Global internet access a goal for 2020
Mark Zuckerberg, CEO of Facebook, plans to make Wi-Fi available to the entire world by 2020 to eliminate poverty. | Infographic by Emily Hayashida/THE CHIMES
During the United Nations Sustainable Development Summit, Mark Zuckerberg and Bono, frontman for the band U2 and co-founder of the ONE Campaign, petitioned to implement global internet access by the year 2020, claiming the internet is key to alleviating extreme poverty.
The summit, held during the 70th Annual UN General Assembly, passed an agenda detailing 17 Global Goals intended to alleviate extreme poverty throughout the world by the year 2030. Part of goal nine, which covers industry, innovation and infrastructure, focuses on providing internet access to the least developed countries by the year 2020.
According to The State of Broadband, a report published by the UN Broadband Commission, 57 percent of the population of the world does not have access to the Internet. In the 48 Least Developed Countries, the nations which Global Goal Nine particularly targets to receive web access, only 10 percent of the population are connected to the Internet.
Armed with this information, on Sept. 26 Zuckerberg expressed his desire for all countries, not merely the least developed, to have internet access by 2020. Zuckerberg is working in conjunction with the ONE Campaign, a 501(c)(3) advocacy non profit organization focused on ending extreme poverty and preventable diseases. Together they initiated the Connect The World Petition, which calls upon world leaders to make global access a reality in order to promote economic and social development.
Tackling the Task
Although the petition offers no practical solution to implement, Facebook has already begun tackling the task. Their solution is a solar powered drone responsible for beaming wireless data to areas that do not have the infrastructure needed to maintain access to the web.
“All of a sudden it went from ‘we can never afford the infrastructure to put this stuff in,’ to, ‘now we erect towers with power every so often and whole areas get lit up.’ [Zuckerberg’s] just taking that one level up,” said Steve Earle, senior director of Information Technology at Biola.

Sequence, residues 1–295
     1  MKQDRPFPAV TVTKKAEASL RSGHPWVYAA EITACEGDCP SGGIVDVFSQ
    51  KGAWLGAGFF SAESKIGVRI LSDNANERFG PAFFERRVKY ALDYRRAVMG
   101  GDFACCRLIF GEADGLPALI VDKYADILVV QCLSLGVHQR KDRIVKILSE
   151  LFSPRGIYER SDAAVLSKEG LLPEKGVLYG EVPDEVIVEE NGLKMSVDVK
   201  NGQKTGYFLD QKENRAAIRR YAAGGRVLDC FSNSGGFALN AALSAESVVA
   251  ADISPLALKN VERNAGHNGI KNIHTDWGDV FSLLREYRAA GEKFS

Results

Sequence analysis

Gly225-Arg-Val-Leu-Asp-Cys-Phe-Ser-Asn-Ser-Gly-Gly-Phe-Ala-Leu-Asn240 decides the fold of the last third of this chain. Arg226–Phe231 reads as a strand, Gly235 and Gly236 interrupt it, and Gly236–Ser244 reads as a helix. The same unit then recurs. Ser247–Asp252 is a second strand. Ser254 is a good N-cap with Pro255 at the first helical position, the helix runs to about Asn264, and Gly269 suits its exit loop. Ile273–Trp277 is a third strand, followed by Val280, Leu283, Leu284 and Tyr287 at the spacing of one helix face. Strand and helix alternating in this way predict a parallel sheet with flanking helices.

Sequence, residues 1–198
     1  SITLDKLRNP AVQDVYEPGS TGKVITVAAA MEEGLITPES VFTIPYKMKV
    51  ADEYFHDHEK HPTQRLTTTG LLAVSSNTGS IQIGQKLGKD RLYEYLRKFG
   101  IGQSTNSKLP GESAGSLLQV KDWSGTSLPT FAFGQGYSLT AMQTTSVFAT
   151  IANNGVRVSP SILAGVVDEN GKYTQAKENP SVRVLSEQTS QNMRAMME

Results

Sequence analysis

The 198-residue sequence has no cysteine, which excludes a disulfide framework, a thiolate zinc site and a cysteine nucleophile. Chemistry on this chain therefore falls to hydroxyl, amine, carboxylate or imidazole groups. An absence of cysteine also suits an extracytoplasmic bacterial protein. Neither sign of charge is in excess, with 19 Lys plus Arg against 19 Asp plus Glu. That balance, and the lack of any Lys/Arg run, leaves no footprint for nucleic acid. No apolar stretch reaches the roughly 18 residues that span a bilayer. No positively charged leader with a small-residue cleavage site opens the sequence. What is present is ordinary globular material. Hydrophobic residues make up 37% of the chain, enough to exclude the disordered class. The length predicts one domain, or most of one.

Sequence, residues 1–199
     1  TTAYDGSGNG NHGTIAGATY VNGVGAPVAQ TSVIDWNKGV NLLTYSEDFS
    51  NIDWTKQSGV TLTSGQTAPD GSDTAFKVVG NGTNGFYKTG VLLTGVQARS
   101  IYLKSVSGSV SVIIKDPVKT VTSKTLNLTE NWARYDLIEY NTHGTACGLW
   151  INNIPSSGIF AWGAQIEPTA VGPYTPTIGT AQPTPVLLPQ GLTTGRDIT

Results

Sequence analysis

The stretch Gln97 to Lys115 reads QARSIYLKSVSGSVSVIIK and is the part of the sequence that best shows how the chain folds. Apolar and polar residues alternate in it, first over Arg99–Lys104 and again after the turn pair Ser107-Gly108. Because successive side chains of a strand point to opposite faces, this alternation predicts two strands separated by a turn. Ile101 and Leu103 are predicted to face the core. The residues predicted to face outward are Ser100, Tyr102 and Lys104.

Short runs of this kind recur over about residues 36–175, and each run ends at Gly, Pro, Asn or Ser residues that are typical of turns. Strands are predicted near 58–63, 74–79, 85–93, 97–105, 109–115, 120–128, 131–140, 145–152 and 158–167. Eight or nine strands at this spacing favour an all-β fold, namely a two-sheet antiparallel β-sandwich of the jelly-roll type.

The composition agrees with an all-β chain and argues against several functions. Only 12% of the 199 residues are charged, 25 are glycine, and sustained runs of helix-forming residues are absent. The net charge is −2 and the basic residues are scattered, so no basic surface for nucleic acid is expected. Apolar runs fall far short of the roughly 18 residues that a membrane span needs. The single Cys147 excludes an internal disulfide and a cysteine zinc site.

Scott Himes, the director of network operations for Biola’s Information Technology department, pointed out that significant infrastructure work would have to be implemented for this endeavor to succeed sustainably in the long run.
“You need something to get the service there. So yeah, you need the wifi router, access point, whatever that is but something has to feed it. You have to have some service that’s actually being brought in whether that’s landlines, or that’s — you know — [data] lasered down via satellites, drones, whatever that is,” Himes said. “Or, maybe that’s just the cell device itself.”
Real World Experience
Annabelle Chinchen, senior intercultural studies major, was able to speak to the conditions that people living in third world countries are subject to.
Chinchen has lived in the African nation of Malawi for 22 years with her parents who have been missionaries there for 28 years. Malawi is the 26th least developed country, and although it has undergone intense natural disasters leading to devastating poverty, including intense flooding. Chinchen relates the interesting reaction of Malawians to technology.
“Even though Malawi is very impoverished I see a lot of people, almost everyone, has a cell phone and they’re able to get on the internet on their cell phone and they have Facebook, which is pretty impressive,” Chinchen said.
In Malawi, internet is not an anomaly, power is. She explained Malawi’s policy of “power sharing,” when different sections of the country lose power for a certain period of time in favor of other sections. Chinchen does not believe Malawi necessarily needs internet to alleviate poverty, they need sustainable sources of fuel and power.
“I think the biggest need in Malawi is development projects to help them generate other uses of fuel. I don’t see how internet could pull them out of poverty. I think it could help them socially connect with people, but if there’s no power 24 hours a day, then it doesn’t really matter. I don’t think that’s the big need over there,” Chinchen said.